Online Program

City university of New York's system-wide campaign for healthy food policies

Monday, November 4, 2013 : 1:06 p.m. - 1:18 p.m.

Nicholas Freudenberg, DrPH, School of Public Health, City University of New York, Hunter College, New York, NY
Kimberly Libman, MPH, PhD, Hunter School of Public Health, City University of New York, New York, NY
Luis Manzo, PhD, Central Office of Student Affairs, City University of New York, New York, NY
Patricia Lamberson, MPH, MCHES, School of Public Health, City University of New York, New York, NY
Stephanie Kneeshaw-Price, MS, PhD, School of Public Health, City University of New York, New York, NY
Background: Growing rates of obesity and diet-related diseases require effective strategies to lower this burden on our health and economy. Scientific evidence suggests that the most effective and economical approach is to create environments and policies that make it easier for individuals to make healthier choices. Purpose: Describe CUNY Campaign for Healthy Food (CHeF), a multi-level campaign to improve food policies and environments at City University of New York (CUNY), the nation's largest urban public university. Examine students' support for enacting policies of healthier foods on-campus. Analyze facilitators and obstacles to changing CUNY food environments. Significance: Urban universities provide a setting for enacting healthy food policies that can improve diets of racially and income diverse young adults. Methodology: CHeF assessed and reported current snack and beverage choices available on CUNY campuses in vending machines and at meetings and events. Using cross-sectional data from a representative sample, we also assessed urban university students' support for on-campus food policies. Findings: Based on these campus assessments, CHeF drafted food and beverage policy recommendations for CUNY and proposed standards for vending and meeting food. These recommendations are now in various stages of implementation. Student support of four proposed healthy food policies on-campus ranged from 53.0-89.5%. Conclusions: A majority of undergraduate students support campus policy change to incorporate healthier food options, including nutrition and calorie labeling. University-wide campaigns can contribute to making changes in collegiate food environments that most students support.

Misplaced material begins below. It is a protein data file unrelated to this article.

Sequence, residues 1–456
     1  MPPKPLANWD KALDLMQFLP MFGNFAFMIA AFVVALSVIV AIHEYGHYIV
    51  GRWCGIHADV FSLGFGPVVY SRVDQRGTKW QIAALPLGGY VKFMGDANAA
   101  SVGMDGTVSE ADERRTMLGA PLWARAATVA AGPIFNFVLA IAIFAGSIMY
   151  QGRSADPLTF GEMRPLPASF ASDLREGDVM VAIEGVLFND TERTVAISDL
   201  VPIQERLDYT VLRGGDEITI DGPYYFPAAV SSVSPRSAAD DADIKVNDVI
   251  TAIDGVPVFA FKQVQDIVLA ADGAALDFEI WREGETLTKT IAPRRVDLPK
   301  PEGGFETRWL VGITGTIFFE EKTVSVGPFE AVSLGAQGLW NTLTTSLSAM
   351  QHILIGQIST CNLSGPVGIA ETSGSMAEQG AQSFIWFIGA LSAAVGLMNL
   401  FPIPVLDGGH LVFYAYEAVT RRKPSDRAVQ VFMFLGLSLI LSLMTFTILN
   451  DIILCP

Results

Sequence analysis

Learning Areas:

Administration, management, leadership
Public health or related organizational policy, standards, or other guidelines
Public health or related public policy

Learning Objectives:
Describe ways universities can change food environments to support nutrition. Identify strategies by which student support for changes in food environments can contribute to changes in university food policies. Analyze the strengths and challenges of collaborative approaches to university food policy recommendations and changes.

Keyword(s): College Students, Food and Nutrition

Presenting author's disclosure statement:

Qualified on the content I am responsible for because: I am the Principal investigator of the study and conceptualized its creation. I am also the co-founder of the Healthy CUNY Initiative and Distinguished Professor of Public Health at Hunter College.
Any relevant financial relationships? No

I agree to comply with the American Public Health Association Conflict of Interest and Commercial Support Guidelines, and to disclose to the participants any off-label or experimental uses of a commercial product or service discussed in my presentation.